Before you start your search for a pub or bar to buy, you need to be absolutely sure this all-consuming, highly competitive sector is really right for you.
If you’re ready to proceed, let’s take you through the steps involved in buying a pub.
Some things to ponder:
- Geography. Do you want to restrict your search to a specific town, city or state – or are you flexible?
- Offering. Are you after a city-centre pub that attracts drinkers, a suburban pub-restaurant or a craft ale specialist in a trendy location?
- Size. Do you want a large venue to maximise
numberof covers and scope for revenue growth?
- Accommodation. Are you willing to live on the premises? If you can find a pub with accommodation then selling your current abode will give you a much bigger budget.
Freehold or leasehold?
Buy a freehold and even if the business fails, the property should retain its value. But you’ll need some serious capital – especially with Sydney pubs selling for as much as $34 million at the time if writing.
Leaseholds, which provide a higher investment yield, are often secured on terms of 17-18 years with an option to buy the property at the term end.
Bartender and bar owner Sven Almenning says that location is “arguably the single most important thing to consider”.
Writing on Australian Bartender, he argues that a secluded CBD location is “the sweet spot”. The asking price will be lower than a high-footfall equivalent and in the age of TripAdvisor and Google Maps, ‘hidden gems’ are no longer so hidden and most patrons won’t have far to travel.
More remote locations are a much tougher proposition. “What are you doing that is going to be so special that people will go out of their way to come see you?” says Almenning, adding: “The money you save on rent is most likely lost over and over again by lower turnover.”
A bar with plenty of foot traffic can withstand a few scathing customer reviews without too much damage – but will naturally command a premium.
This is a fiercely competitive business so a pub or bar franchise might appeal. You’ll have a support structure, proven systems, market awareness and the bulk-buying power of a national brand in place, leaving you to concentrate fully on serving customers.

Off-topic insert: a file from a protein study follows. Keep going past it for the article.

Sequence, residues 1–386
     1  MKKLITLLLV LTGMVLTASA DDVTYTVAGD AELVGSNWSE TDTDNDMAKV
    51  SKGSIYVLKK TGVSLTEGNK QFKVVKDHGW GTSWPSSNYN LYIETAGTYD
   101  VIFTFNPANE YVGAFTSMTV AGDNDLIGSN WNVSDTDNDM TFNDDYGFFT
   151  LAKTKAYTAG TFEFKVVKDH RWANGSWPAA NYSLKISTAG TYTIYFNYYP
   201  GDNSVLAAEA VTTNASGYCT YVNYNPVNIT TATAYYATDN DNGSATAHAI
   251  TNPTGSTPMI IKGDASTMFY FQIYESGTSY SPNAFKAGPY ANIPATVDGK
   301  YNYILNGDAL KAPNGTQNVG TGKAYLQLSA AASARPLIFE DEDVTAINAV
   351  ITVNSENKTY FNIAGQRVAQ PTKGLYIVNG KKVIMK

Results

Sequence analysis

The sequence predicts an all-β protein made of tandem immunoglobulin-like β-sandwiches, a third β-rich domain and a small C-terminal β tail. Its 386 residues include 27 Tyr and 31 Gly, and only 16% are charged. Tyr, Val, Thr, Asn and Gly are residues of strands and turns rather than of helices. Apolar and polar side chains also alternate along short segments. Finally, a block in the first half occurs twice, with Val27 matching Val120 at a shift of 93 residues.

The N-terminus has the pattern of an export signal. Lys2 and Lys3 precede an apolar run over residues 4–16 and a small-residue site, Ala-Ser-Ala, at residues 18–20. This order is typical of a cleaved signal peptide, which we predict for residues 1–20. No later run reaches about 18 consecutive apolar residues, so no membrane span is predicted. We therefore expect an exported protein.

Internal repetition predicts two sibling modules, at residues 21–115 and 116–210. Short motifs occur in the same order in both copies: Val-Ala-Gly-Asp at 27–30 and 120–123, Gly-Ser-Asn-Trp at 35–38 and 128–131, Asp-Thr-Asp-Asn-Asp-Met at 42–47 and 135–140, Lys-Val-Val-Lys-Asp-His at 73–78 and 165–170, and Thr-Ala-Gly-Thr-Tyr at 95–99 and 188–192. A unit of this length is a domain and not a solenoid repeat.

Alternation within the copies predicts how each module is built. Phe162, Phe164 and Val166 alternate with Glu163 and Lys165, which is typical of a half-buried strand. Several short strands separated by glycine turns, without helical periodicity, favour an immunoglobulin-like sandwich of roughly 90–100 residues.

Pubs and bars can be found in our food franchise resales category.
We interviewed a Maroochydore-based franchisee of Beach House Bar & Grill, which has 10 outlets across Queensland.
If you want to exploit the craft beer boom, then you might consider something like Taps Australia. Launched in 2013 this specialist chain offers a range of craft beer from local brewers and has two
Once you’ve set your parameters, you can scour the Heads of agreement for businesses that match your criteria. But if you happen upon the perfect candidate when you’re out drinking with friends, there’s nothing to lose from asking the proprietor if they’d consider selling.
Once you’ve found the right pub and a willing seller, the next step is to open negotiations. You could do this in person, or through an agent or broker. Help from a lawyer and accountant is also advisable during this process.
If you’re negotiating a lease agreement, most landlords will give you a cost based on square metres. Compare this to current revenues and consider how you might realistically add value to boost takings.
Sven Almenning recommends that your rent should be less than 10% of your forecast takings – and “make sure both your rent and income figures either both include or both exclude GST when you make your calculations,” he adds.
Heads of agreement
When you’ve reached an agreement that suits both parties you and the seller should, with the help of your lawyers, formulate Heads of agreement (HOA) – a pre-contractual, non-binding agreement for key terms worked out so far.
An HOA should include items like:
- Rent and outgoings
- Turnover rent
- Rent-free period
- Lease duration and terms
- Bond, bank guarantees and personal or director’s guarantees
- Fit-out contribution and lessor/landlord works
- Leases without an approved license
But nothing is set in stone at this stage. Before you commit to the purchase, you should undertake a comprehensive investigation of the business. Called due diligence this process should examine:
- Financial accounts, tax records
- Asset inventory and property lease
- Licences and any restrictions therein
- Reasons for the sale
- How the business compares to others in the area
- The state of the pub/bar sector in the locality and nationwide plus market forecasts
- Seasonality of trading – is it a student area or popular spot for holiday-makers for instance?
- Supplier contracts and relationships
- Any local development in the pipeline, whether commercial or residential, that could increase the amount of potential custom. “When we opened Eau de Vie Melbourne we knew there was a lot of development happening [...] As the works started to be completed the area got busier, and so did we,” said Sven Almenning in Australian Bartender.
The last leg
If due diligence proceeds as well as hoped and the business lives up to the seller’s pitch, you’ll then sign your Sale and Purchase Agreement (SPA). Legally binding, this contract enforces the transfer of ownership and payment of the agreed price – so make sure you’re absolutely certain of your decision before you put pen to paper.
Once you’ve done so, congratulations are in order. You are now the proud owner of your own pub or bar! Now it’s time to think about how to run it successfully.